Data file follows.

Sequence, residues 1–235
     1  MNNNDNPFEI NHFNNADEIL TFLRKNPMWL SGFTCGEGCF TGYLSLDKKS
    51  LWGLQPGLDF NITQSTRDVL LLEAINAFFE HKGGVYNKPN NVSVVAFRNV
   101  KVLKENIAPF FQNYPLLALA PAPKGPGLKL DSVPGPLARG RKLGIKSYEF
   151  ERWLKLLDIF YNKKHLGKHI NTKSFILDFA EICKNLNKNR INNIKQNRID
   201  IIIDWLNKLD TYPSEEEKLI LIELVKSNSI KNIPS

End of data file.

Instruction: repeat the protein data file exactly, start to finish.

Sequence, residues 1–235
     1  MNNNDNPFEI NHFNNADEIL TFLRKNPMWL SGFTCGEGCF TGYLSLDKKS
    51  LWGLQPGLDF NITQSTRDVL LLEAINAFFE HKGGVYNKPN NVSVVAFRNV
   101  KVLKENIAPF FQNYPLLALA PAPKGPGLKL DSVPGPLARG RKLGIKSYEF
   151  ERWLKLLDIF YNKKHLGKHI NTKSFILDFA EICKNLNKNR INNIKQNRID
   201  IIIDWLNKLD TYPSEEEKLI LIELVKSNSI KNIPS